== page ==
Oaklawn Park owner Charles Cella wanted to do something big to celebrate the 100th anniversary of the racetrack that had been a part of his family since 1904. So big, in fact, the sport of horse racing has never seen anything like it.
Cella, his sons John and Louis, and other officials from Oaklawn will fly to Philadelphia Monday to present the $5 million Centennial Bonus check to Roy and Patricia Chapman, the owners of Smarty Jones, the unbeaten colt who captured the Oaklawn Centennial Bonus with an impressive victory on a sloppy track in the Kentucky Derby (gr. I). Trainer John Servis and jockey Stewart Elliott will also be on hand.
The presentation of the check, the largest bonus in North American horse racing history, will be made at Smarty Jones' home base of Philadelphia Park in the Pennsylvania Derby dining room at noon EDT on May 10.
"We have been weighing several options on where and when to present the Chapmans with this prize, and would have loved to been able to do this in Little Rock in the same room where we made the announcement of the Centennial Bonus last October." Cella said. "Because Mr. Chapman's health won't allow him to travel, we thought we'd be best served by going to Philadelphia to present the check there. Hal Handel, president of Philadelphia Park, where Smarty Jones won his first two races, has graciously agreed to host the luncheon."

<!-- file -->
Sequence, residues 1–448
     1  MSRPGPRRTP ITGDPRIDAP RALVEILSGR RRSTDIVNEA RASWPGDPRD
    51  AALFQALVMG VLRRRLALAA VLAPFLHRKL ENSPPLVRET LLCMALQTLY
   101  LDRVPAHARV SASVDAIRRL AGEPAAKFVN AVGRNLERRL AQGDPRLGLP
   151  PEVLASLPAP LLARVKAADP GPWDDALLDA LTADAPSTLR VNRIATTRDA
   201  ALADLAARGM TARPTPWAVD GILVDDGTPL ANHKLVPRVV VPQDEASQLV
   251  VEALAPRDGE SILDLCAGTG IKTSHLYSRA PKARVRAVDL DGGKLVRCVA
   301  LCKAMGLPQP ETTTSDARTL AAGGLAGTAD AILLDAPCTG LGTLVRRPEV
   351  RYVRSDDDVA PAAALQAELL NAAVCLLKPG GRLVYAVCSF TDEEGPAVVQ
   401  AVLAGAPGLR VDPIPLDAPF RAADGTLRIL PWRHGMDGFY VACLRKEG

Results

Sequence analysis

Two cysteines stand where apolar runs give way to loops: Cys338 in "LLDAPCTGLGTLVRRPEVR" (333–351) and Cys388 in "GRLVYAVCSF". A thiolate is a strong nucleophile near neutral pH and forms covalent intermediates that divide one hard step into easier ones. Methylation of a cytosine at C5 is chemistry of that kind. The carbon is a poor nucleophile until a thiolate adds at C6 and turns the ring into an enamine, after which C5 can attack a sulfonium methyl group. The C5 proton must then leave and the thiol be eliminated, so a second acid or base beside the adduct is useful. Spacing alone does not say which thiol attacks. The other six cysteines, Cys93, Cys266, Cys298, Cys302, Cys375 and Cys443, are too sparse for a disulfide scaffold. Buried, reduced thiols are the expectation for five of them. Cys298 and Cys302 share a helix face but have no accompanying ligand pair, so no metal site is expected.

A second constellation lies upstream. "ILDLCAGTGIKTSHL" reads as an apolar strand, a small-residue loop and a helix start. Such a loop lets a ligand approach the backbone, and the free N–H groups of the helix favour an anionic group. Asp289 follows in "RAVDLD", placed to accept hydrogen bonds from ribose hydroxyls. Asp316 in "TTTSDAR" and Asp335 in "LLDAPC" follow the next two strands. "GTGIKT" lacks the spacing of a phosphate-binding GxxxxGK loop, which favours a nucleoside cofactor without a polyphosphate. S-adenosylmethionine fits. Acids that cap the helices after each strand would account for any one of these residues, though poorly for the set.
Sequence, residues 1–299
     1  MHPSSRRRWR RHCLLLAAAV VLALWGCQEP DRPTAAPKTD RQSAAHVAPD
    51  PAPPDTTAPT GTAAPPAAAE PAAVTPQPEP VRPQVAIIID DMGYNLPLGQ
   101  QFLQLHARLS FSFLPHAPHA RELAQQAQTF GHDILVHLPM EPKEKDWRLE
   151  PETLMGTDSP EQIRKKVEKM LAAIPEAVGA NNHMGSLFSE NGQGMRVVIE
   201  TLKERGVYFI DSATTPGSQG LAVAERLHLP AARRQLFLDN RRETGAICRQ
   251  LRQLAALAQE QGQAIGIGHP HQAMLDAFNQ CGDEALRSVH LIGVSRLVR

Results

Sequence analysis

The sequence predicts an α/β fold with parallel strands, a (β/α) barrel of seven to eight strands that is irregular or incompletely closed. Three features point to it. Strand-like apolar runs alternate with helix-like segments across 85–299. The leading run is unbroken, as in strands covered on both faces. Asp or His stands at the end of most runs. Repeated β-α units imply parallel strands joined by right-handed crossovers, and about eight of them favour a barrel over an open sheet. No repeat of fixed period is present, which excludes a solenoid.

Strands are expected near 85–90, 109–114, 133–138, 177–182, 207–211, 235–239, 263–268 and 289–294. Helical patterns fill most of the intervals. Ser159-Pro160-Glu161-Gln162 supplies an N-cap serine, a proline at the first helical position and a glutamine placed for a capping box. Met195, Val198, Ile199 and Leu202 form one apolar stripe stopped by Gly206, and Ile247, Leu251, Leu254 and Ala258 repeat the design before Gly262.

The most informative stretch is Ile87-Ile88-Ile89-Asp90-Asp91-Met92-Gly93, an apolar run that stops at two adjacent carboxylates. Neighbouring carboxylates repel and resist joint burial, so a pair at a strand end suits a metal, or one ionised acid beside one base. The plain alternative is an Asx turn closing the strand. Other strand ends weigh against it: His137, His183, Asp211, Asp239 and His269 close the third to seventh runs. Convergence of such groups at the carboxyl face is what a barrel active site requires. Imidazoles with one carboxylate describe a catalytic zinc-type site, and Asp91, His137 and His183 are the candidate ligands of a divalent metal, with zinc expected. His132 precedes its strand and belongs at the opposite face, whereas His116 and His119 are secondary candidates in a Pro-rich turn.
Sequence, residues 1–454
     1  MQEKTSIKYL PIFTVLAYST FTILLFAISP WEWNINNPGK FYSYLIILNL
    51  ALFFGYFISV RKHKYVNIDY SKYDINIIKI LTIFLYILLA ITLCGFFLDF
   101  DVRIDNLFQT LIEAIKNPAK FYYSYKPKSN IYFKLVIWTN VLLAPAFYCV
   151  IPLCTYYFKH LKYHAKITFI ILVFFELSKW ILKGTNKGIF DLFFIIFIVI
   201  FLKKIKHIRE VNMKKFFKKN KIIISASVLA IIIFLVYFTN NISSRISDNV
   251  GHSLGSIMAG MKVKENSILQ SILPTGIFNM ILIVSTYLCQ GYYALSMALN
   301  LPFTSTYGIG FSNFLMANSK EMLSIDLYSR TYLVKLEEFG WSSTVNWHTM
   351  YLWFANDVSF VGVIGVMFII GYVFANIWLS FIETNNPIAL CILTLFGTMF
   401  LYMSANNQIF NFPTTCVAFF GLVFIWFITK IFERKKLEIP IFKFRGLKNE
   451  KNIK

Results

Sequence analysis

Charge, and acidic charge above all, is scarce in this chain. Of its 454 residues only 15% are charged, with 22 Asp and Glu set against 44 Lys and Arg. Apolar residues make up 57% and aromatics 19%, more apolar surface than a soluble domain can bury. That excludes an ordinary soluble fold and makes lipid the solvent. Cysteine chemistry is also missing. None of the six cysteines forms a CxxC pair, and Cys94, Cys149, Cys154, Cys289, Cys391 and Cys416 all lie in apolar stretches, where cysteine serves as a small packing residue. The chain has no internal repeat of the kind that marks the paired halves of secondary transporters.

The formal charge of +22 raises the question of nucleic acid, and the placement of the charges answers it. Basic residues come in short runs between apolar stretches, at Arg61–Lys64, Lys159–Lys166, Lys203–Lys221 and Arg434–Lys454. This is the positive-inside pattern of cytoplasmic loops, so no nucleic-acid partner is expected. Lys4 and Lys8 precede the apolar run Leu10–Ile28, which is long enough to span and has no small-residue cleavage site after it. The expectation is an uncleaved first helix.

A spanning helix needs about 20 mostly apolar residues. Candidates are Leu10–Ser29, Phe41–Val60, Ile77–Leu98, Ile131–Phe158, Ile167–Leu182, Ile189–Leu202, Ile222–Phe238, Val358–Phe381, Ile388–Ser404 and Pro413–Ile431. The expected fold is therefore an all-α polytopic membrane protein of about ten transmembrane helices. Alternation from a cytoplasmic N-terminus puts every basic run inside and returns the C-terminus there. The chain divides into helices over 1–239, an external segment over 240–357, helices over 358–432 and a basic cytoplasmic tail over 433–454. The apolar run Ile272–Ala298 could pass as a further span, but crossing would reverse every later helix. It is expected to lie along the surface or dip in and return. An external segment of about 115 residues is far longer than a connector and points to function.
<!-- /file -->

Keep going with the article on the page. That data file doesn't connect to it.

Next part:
Arkansas Gov. Mike Huckabee has issued a proclamation declaring Friday, May 14, the eve of the Preakness Stakes (gr. I), as "Smarty Jones Day in Arkansas."
Cella offered the Oaklawn Centennial Bonus to any horse that could win the Rebel Stakes and Arkansas Derby (gr. II) at Oaklawn as well as the Kentucky Derby. Only one other horse had ever successfully accomplished the unique triple – Sunny's Halo in 1983 -- and Smarty Jones became the first horse to ever win all three Oaklawn 3-year-old distance races (the Southwest Stakes, Rebel and Arkansas Derby) and the Kentucky Derby. Smarty Jones also became the first unbeaten Kentucky Derby winner since Seattle Slew in 1977.
"I have been around horse racing for more than 50 years and have seen a lot of the sport's greatest races, but watching Smarty Jones pull away for the win in Kentucky was the greatest sports moment I have ever witnessed," Cella said. "I wanted that horse to win as much as anybody. We feel as though he has become part of our family and I think I can speak for all Arkansas horse racing fans in echoing the same sentiments. He has become a true Arkansas sports hero and no state appreciates its sports heroes with greater affection than Arkansas."